Taking to the streets of Taipei, thousands of workers demanded that the government do something to help the unemployed yesterday, the Labor Day. I am very sympathetic about the difficulties the workers face. However, I find myself in a dilemma as I read about that one of the appeals from our laborers is ask the Ministry of Education to suspend its plan to help college graduates this year get employed right after their graduations.
The central point of the MOE's plan is to offer full subsidy to business owners who are willing to hire graduates as contract interns for one year, i.e. enterprises get people to work for them for free. The laborers protest that, to save personnel cost, their employers maliciously terminate their employment to make rooms for interns. I bet MOE officials had never expected that its well-meant policy to help students be so distorted by practical businessmen.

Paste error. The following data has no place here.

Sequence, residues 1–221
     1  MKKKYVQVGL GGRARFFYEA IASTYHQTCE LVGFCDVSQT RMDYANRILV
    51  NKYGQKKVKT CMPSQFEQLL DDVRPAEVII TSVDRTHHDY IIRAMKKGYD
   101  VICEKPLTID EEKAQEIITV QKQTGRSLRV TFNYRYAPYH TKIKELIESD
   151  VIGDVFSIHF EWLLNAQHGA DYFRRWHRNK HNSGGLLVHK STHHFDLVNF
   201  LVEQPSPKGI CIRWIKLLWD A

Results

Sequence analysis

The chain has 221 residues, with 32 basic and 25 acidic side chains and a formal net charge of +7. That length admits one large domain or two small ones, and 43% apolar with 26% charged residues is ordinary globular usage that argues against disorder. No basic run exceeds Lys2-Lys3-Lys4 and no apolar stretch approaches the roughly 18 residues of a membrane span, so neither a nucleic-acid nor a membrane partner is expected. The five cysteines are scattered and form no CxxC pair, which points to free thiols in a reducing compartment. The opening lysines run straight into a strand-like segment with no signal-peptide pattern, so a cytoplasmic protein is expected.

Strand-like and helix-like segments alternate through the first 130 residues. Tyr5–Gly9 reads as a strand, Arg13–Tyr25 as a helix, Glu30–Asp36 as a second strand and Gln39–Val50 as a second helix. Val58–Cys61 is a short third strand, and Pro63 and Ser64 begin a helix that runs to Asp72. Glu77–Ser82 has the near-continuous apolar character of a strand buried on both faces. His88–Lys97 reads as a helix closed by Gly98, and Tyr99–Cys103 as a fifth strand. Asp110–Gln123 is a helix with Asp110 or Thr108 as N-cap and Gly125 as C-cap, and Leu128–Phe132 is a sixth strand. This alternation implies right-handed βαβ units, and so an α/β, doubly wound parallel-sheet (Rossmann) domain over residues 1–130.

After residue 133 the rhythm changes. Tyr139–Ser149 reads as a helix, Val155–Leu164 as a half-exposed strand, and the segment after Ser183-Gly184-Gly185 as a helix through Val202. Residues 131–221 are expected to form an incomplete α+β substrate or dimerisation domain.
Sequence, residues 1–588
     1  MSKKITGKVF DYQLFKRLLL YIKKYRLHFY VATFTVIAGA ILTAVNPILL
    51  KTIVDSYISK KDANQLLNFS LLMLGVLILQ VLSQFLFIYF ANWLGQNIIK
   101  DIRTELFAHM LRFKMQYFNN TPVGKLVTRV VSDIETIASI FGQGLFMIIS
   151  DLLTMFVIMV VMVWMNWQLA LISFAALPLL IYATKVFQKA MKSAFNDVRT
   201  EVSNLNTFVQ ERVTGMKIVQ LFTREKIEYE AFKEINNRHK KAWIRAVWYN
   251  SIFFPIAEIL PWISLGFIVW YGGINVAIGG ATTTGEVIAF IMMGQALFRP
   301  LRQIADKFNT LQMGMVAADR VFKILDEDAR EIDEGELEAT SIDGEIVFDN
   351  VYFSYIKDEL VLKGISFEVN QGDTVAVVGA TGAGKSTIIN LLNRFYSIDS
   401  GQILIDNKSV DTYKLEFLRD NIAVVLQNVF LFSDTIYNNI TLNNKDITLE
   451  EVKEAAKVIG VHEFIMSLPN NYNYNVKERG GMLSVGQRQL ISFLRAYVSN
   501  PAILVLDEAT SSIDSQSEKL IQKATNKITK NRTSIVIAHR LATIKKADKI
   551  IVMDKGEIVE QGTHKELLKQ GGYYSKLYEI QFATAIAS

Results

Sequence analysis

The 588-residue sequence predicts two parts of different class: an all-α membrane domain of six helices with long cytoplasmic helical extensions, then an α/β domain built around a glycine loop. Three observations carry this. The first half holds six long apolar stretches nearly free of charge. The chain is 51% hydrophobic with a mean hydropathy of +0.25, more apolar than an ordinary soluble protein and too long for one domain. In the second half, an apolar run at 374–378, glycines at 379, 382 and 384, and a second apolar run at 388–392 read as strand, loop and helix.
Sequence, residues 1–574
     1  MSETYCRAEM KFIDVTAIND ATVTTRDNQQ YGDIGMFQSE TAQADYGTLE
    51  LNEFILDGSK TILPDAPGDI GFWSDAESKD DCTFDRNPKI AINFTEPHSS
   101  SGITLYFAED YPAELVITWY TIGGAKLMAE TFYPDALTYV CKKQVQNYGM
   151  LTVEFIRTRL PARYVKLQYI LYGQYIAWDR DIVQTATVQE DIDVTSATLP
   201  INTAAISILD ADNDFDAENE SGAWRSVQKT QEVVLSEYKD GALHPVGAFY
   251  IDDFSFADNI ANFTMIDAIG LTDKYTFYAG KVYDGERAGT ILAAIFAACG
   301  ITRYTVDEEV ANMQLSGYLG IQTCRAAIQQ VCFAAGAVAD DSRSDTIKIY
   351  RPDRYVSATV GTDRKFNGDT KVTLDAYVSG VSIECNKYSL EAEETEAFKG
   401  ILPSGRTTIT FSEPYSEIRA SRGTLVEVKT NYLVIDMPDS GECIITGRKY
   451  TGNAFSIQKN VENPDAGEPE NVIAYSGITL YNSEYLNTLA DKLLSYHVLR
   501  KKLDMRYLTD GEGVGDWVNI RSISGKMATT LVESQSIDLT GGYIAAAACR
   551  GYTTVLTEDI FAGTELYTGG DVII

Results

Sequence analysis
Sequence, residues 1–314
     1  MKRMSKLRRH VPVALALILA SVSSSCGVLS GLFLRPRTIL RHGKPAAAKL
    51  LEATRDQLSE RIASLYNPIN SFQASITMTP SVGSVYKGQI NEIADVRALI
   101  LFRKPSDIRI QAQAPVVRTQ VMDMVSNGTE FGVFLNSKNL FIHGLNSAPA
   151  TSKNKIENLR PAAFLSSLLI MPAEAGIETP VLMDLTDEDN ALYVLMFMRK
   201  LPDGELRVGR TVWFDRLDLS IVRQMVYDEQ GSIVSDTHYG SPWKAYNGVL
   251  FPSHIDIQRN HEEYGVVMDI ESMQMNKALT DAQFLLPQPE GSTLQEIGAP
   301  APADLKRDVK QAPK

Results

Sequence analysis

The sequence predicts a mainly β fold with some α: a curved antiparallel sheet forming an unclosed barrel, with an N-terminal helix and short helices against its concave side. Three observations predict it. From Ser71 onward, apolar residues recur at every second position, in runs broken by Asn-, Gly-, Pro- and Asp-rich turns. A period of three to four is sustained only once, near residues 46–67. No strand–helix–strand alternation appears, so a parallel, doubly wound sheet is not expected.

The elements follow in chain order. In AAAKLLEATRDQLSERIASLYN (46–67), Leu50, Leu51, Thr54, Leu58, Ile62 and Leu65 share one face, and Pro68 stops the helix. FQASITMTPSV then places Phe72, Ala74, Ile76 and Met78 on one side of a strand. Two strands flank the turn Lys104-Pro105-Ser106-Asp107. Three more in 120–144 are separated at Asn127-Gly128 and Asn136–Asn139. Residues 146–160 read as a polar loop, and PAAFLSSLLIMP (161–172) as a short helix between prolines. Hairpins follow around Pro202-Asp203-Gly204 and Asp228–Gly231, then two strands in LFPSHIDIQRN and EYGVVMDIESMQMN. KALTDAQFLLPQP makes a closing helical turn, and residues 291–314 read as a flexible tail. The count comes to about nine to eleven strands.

Several of my students are beneficiaries of this particular MOE's policy. They have had their jobs and will start working right after attending their graduation ceremony on June 13. Though I am glad that they don't have to type their resumes for the time being, I am still worrying what would happen to them when the government aid stops about now next year.
Prsident Ma and his government really must initiate plans creating more long-term jobs, stable jobs, instead of using taxpayers' money to launch short-time offers which so obvious are only political attempts to make the number of employment rate look good.